|Wisconsin Council 40|
The famous Manitowoc County Pig Roast is set for Tuesday, July 9, at Manitowoc’s Lincoln Park. The event will be held in Cabin 2. Tickets will not be sold at the door, so order now. As in past years please make checks payable to Michelle Kohlbeck, $15 per person, BUT mail them to Cindy Satori, 6820 Hartlaub Lake Road, Manitowoc, WI, 54220. A registration form may also be found on our website.. Ticket order form Read more >>>
WALA is back! Build power in your local. Get your local leadership team signed up or call (608) 836-6666 TODAY!
What is the Wisconsin AFSCME Leadership Academy?
• Two-day training for local union leadership teams.
When is WALA and where is WALA for 2013?
• Madison, WI – June 22 and 23
Wis. appeals court refuses to reinstate Act 10
A Wisconsin appeals court has refused to put on hold a judge's decision repealing major parts of Gov. Scott Walker's law effectively ending collective bargaining for most public workers.
Attorney General J.B. Van Hollen asked the 4th District Court of Appeals to place the September ruling of Dane County Circuit Judge Juan Colas on hold while an appeal is pending. Colas refused in October and the appeals court on Tuesday upheld that decision.
The appeals court says it sees "no basis to set aside the circuit court's decision that a stay was not warranted."
A spokeswoman for Van Hollen did not immediately respond to a request for comment.
Feb. 27, 2013 by Ina Jaffe for NPR
Part of a special NPR series "Working Late: Older Americans on the Job"
Politics is one field that has long been associated with people working into their later years — sometimes even into their 80s or 90s. And at 85, state Sen. Fred Risser of Wisconsin, the longest-serving state lawmaker in the country, shows no signs of slowing down.Read more >>>
Feb. 25, 2013 by Scott Schneider for The Capital Times
At first glance, Gov. Scott Walker's budget provision to do away with residency requirements for city and school employees makes for some strange bedfellows — aligning the governor made famous for slashing the power of public worker unions with police officers, firefighters and other city workers who have long sought an end to residency requirements through collective bargaining.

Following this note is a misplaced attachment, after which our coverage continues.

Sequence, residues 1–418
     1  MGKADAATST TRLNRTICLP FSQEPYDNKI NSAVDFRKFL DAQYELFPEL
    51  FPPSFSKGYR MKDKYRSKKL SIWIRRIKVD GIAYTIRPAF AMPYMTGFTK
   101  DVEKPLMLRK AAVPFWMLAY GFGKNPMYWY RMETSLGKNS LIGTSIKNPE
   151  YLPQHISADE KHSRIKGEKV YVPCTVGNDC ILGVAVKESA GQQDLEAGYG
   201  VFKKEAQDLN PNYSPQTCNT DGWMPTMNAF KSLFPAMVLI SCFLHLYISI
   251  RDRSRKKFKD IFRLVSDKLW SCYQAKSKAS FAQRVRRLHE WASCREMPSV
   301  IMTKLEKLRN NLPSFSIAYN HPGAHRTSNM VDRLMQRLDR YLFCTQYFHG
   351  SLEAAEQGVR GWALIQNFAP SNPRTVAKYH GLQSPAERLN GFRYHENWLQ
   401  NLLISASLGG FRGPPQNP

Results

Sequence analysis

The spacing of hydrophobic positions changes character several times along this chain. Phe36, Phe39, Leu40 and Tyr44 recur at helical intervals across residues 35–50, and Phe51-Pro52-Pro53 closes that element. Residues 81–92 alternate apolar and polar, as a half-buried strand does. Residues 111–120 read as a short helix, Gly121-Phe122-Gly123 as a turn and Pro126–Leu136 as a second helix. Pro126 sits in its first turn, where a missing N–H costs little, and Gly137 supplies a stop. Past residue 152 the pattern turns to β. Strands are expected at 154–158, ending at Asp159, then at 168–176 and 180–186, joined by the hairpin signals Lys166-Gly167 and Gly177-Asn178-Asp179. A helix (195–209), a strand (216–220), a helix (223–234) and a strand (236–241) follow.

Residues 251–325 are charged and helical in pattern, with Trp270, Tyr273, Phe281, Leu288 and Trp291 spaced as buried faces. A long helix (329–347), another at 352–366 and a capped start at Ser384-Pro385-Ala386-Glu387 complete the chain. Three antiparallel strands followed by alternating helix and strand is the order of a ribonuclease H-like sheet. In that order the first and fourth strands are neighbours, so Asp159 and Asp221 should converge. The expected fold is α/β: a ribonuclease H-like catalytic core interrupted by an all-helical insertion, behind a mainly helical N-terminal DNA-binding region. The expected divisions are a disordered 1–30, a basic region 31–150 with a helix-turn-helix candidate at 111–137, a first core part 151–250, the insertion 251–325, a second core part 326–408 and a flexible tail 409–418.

The University of Wisconsin’s School for Workers has announced a special Madison-based training series, led by Corliss Olson. Although this training is not sponsored by Council 40, we encourage locals to consider sending members to this event. The application form is available here and the agenda follows: Read more >>>
2011 will be a very busy year. On the flipside of this Update is a list of several important union-related events for your new year’s calendar. (click here for more)
Rep. Fred Clark column: Unions help keep wages up for all
On Sunday, 1,900 members of UAW Local No. 833 joined fellow workers at companies like Harley Davidson and Mercury Marine by voting to accept a contract from the Kohler Corporation. The concessions freeze wages and cut benefits for current production employees and new hires will start at a significantly lower wage tier and be offered limited benefits.
Mike Konopacki and Kathy Wilkes: Busting unions brings stagnant wages for all
Wisconsin Gov.-elect Scott Walker and the new Republican Legislature have declared war on working people. They want to abolish public employee unions and turn Wisconsin into a so-called right-to-work state, meaning no more union shops and no more dues from anyone who objects. This also means no more pressure from anywhere to keep wages at a livable level for anyone, union or not. (read more)
Wisconsin's Pension System in Very Good Shape
Much of today's political rhetoric about public employee pensions does not match reality. In fact, Wisconsin's retirement system is viewed nationally as an example of how to do it right. Read more here.
The city of Madison appears to be backing away from a plan to replace dozens of parking cashiers who staff parking ramps with automated machines. But the fight is not over. Read more here.
The State Journal's recent coverage of City of Madison employee compensation policies has revealed a curious case of tunnel vision. The newspaper focused on a narrow sliver of total compensation for a tiny group of employees. It was like an automobile review that fixates on cup holders. (more)
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